When the giving Christmas mood is at fever pitch, at Princess Marina Hospital’s maternity ward this week there were no goodies for patients but a scramble for cover as the ceiling unhinged and fell on the least suspecting inhabitants.
Several sources revealed that new mothers and their infants got the shock of their lives in the wee hours of Tuesday when the ceiling of a maternity ward collapsed and fell on them. The mothers and their crying babies had to be evacuated, pending renovations.
Eye witnesses say had it not been for the motherly instincts that kicked in when the dilapidated ceiling fell down, there could have been a serious disaster. “It happened so fast that there was no time to rush out. All they could do was to shield their babies from the debris,” said an eye witness.
According to the eye witness, despite the extent of the fall most victims escaped unscathed except for one, who got a minor scratch on the back. The remains of the dilapidated ceiling indicate that the ceiling has likely been subjected to heavy soaks over time, most probably from rain.
Princess Marina Hospital officials have played down the incident as “just a natural disaster like any other and it could have been prevented if they knew it was going to happen,” said hospital Chief Communications and Public Relations Officer, Donnel Kutlapye in response to a questionnaire.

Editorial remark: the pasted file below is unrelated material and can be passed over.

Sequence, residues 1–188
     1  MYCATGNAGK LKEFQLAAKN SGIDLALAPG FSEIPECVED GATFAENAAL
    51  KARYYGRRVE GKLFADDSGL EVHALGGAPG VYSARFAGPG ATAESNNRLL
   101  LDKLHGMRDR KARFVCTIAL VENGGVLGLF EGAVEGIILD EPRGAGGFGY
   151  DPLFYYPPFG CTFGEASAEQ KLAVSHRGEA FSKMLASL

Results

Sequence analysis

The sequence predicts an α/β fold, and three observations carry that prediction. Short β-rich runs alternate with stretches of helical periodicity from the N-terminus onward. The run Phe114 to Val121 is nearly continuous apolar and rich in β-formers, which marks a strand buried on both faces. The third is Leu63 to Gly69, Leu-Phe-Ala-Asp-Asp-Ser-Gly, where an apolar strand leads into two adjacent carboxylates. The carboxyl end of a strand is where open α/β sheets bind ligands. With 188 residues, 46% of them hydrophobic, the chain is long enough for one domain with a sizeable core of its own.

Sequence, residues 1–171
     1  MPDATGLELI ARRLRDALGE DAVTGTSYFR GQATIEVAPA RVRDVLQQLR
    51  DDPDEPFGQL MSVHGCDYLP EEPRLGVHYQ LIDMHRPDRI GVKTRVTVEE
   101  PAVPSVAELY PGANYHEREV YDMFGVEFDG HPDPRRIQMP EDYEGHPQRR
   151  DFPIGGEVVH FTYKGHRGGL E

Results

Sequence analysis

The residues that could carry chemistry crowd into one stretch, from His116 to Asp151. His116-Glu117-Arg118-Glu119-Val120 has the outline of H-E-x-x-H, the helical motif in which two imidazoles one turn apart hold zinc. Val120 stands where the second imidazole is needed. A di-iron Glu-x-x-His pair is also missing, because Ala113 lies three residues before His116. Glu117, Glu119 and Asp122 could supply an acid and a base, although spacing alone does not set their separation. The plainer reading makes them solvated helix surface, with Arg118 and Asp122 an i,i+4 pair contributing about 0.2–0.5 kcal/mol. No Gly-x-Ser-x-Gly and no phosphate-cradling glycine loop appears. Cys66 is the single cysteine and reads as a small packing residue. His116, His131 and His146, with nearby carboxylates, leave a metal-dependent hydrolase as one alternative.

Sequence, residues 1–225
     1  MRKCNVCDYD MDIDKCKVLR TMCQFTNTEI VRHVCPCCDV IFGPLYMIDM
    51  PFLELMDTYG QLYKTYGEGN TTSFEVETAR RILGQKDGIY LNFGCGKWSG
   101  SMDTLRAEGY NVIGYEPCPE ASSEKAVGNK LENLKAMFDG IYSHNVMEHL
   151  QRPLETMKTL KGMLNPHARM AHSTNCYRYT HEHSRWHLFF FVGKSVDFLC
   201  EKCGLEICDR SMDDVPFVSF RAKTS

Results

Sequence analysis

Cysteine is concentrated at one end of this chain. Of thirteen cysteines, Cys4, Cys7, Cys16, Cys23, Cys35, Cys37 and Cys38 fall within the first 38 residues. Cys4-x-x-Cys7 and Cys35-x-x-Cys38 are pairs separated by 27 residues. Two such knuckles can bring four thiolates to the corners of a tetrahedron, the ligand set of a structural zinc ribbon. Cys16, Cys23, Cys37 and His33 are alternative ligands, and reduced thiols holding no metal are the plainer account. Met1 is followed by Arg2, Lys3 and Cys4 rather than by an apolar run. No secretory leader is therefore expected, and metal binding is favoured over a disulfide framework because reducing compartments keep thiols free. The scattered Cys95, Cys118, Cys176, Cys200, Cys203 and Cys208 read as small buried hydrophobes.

He said that the ward was renovated in 1994 and has been in good condition since. “The ceiling was intact a day before it collapsed. However we (Princess Marina Hospital) recently issued a press release indicating that the hospital is currently undergoing preventative maintenance,” said the PR officer.
He revealed that when the incident occurred the ward was occupied by 13 mothers and six babies. Kutlapye added that only four people had some discomfort but on assessment they were found to have no significant injuries. None of the babies had any injuries. “The hospital has been counseling the affected patients and their relatives. The contractor is currently on site to fix the affected part of the building,” said Kutlapye.
He said the incident has reduced the carrying capacity of the ward, and other patients are being sent to local clinics. “We expect the ceiling to be fixed within two weeks. However, we still urge the low risk pregnant patients to use clinics with maternity service,” he said. Currently, he said, low risk patients are being sent to local clinics with maternity wing for deliveries and observation. Other patients have been moved to the general ward.